by Jason Riley –
LOUISVILLE, Ky. (WDRB) – WDRB News is fighting what its attorney calls a “clearly illegal“ search warrant obtained by Louisville Metro Police that would allow officers to comb through the station’s newsroom and access computers, notes and unpublished material gathered for a recent news story about a suspect in a police shooting.
Jon Fleischaker, an attorney representing WDRB, said it is the first time he has seen such an order in at least the last 40 years, when federal law prohibited law enforcement agencies from serving search warrants on news organizations except in extremely rare cases.
“There are very serious First Amendment concerns about allowing the police to interfere, in essence, in protected activities,” Fleischaker said in an interview Tuesday. “I’m very surprised by this. I think a lot of people would be surprised by this.”
WDRB was ordered to appear in court Tuesday afternoon to show why the station should not be held in contempt for failing to comply with the search warrant he signed last week.
At a hearing Tuesday afternoon in Jefferson Circuit Court, Judge McKay Chauvin said LMPD is entitled to the raw video but will have to obtain it through a subpeona — a process that could involve a grand jury. Another attorney for WDRB, Jeremy Rogers, said the station would likely fight a subpeona.
But Chauvin also said he didn’t believe that a search warrant, which he signed last week, was inappropriate and asked “what’s the problem” with turning over raw footage. “They need to get what they need to get,” the judge said., referring to LMPD.
In a motion to dismiss the warrant and contempt hearing, Fleischaker accuses police of attempting to “send a message to the media” and argues both the department and judge have acted improperly.
An LMPD spokesman did not immediately provide a comment on the case.
LMPD Sgt. Don Burbrink obtained the search warrant on Aug. 29, one day after WDRB aired an interview with Dimitri Harris, who admitted to fleeing from police in June but denied shooting an officer, as the police department has alleged.
Harris, who has not been charged in the shooting, told WDRB he thinks Officer Brad Shouse shot himself in the foot during the June 21 incident.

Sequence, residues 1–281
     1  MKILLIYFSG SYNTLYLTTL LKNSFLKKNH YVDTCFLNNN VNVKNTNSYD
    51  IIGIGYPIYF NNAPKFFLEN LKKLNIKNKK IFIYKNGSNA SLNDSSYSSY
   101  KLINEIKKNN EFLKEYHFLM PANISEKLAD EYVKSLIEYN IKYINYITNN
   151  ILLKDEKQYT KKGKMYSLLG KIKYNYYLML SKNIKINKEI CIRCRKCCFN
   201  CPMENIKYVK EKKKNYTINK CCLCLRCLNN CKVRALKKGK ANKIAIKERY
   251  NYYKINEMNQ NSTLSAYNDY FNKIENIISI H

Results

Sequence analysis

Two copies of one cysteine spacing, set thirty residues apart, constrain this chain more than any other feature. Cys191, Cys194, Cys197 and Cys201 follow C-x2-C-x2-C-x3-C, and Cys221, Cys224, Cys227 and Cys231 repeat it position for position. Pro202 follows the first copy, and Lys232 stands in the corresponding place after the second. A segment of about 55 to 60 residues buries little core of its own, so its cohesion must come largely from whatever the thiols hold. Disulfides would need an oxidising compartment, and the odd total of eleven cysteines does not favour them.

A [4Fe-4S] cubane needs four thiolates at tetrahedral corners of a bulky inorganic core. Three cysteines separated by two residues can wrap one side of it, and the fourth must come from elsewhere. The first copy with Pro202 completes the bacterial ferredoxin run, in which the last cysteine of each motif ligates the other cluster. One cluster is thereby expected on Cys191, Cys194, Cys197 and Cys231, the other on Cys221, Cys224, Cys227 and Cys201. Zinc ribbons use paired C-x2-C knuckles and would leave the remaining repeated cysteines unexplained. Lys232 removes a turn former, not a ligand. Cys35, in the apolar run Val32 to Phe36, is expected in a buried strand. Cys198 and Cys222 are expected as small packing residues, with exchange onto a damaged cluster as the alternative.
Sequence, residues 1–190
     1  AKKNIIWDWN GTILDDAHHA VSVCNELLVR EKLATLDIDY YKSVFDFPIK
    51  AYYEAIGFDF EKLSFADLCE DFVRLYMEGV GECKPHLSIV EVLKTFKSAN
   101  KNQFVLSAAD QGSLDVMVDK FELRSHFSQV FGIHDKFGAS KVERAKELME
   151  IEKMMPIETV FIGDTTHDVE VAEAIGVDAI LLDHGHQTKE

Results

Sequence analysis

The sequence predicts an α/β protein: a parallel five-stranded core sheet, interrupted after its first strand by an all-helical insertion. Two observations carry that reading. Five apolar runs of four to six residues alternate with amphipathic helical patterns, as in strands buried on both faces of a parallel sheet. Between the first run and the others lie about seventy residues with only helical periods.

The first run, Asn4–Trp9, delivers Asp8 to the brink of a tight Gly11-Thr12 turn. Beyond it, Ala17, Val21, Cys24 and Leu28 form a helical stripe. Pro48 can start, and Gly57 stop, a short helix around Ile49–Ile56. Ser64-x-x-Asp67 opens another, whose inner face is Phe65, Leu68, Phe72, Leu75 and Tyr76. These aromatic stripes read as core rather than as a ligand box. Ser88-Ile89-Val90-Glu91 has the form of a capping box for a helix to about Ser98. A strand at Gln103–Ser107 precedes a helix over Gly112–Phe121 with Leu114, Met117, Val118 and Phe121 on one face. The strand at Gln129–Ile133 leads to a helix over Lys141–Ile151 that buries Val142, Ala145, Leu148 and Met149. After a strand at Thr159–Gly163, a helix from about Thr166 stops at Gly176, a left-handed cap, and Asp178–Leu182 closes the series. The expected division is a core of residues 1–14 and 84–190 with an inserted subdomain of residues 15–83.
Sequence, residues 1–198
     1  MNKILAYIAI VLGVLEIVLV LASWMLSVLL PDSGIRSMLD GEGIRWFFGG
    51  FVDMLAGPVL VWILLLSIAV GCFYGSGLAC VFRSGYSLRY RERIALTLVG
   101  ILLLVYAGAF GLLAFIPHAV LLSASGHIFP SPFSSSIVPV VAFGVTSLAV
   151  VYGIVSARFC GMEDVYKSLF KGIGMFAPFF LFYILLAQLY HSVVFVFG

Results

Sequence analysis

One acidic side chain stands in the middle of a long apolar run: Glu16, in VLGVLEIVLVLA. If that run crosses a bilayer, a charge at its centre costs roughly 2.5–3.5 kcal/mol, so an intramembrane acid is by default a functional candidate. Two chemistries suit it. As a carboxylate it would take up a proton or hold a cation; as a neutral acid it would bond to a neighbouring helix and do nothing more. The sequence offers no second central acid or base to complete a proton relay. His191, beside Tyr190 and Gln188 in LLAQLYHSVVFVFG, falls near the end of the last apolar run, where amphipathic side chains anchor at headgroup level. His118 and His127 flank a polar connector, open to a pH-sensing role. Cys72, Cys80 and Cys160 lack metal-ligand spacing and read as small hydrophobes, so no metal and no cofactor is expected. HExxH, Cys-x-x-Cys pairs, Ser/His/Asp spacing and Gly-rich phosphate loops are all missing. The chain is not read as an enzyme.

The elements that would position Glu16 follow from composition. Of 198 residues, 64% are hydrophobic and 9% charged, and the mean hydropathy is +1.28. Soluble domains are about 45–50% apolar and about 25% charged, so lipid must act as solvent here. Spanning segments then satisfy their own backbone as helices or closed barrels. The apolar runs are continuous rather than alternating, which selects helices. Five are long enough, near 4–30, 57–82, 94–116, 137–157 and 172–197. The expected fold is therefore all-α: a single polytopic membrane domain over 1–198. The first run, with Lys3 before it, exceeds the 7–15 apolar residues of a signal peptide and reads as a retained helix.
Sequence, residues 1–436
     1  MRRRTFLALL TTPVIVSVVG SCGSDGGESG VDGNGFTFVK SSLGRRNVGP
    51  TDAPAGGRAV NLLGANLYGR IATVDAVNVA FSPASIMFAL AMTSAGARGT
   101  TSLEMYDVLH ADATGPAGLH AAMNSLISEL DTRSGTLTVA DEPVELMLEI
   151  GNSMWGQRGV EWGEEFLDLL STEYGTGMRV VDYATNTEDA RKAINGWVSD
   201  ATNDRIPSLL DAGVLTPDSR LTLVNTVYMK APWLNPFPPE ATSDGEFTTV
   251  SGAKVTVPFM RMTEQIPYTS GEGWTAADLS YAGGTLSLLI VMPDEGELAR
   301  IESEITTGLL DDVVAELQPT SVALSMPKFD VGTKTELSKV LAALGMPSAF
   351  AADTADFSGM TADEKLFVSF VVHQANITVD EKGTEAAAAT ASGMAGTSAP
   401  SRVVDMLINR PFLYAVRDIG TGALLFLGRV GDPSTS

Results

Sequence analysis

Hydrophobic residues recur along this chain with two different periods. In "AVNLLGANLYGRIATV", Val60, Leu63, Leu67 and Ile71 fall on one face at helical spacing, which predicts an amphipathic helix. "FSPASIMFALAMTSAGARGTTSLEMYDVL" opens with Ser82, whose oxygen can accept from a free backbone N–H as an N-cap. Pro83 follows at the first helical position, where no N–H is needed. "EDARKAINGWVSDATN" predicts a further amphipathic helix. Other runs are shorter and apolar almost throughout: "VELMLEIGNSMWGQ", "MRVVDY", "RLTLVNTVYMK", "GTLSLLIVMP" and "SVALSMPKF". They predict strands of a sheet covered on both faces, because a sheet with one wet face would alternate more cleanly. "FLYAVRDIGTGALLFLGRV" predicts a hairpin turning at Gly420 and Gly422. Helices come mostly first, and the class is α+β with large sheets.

Police have said Harris led officers on a foot-chase near Kemmons Drive, firing multiple shots at officers and striking Shouse. Harris said he never had a gun. He has not been charged but spent two months in jail on a probation violation.
The day after WDRB’s Aug. 28 story aired, Burbrink presented the station with a warrant seeking “all footage, including raw and final” and any notes, videos, sound bites and other information obtained during the interview.
Fleischaker argues the warrant is an attempt to send a message to the news media and Harris that he should not speak to journalists again.
A different attorney for the station told Burbrink the warrant violated federal law and WDRB could file a lawsuit against the city and police, according to the motion filed Tuesday by the station to dismiss the search warrant.
That attorney, Monica Dias, told Burbrink the “proper method” to seek the information was through a subpoena, which would allow the station to present any arguments in court and a judge to hear both sides.
Burbrink, according to WDRB’s motion, agreed to return the search warrant as “unexecuted” and “would, instead obtain a subpoena as required by law.”
But on Aug. 30, Chauvin issued the contempt hearing motion, noting he had been “insufficiently advised” about the matter, Fleischaker wrote.
Fleischaker argues in the motion that WDRB should not be held in contempt because the station did not “refuse” or “fail to comply” with “a clearly unlawful search and seizure.”
When presented with the search warrant, WDRB contacted an attorney and spoke “in a professional and courteous manner” to Burbrink, properly informing him he was violating the law, Fleischaker wrote.
Under the federal Privacy Protection Act enacted in 1980, law enforcement is prohibited from searching for or seizing materials from journalists and news organizations except in “very limited circumstances,” according to WDRB’s motion.
Law enforcement must have reason to believe that the information they are obtaining is necessary to prevent someone from being hurt or could prove that the reporter has committed a crime.
In this instance, the raw footage and reporter Chris Sutter’s notes are “clearly protected,” as “neither exception even remotely applies here,” Fleischaker wrote.
LMPD has obtained a “blanket command” to seize WDRB newsgathering materials “based on nothing more than the speculative hope that the materials might contain something relevant,” according to the motion.
Forcing journalists to turn over unpublished or unbroadcast news gathering materials could have a have a “chilling effect” on the freedom of the press, Fleischaker argued.
“What they are trying to do is prohibited by law,” he said.
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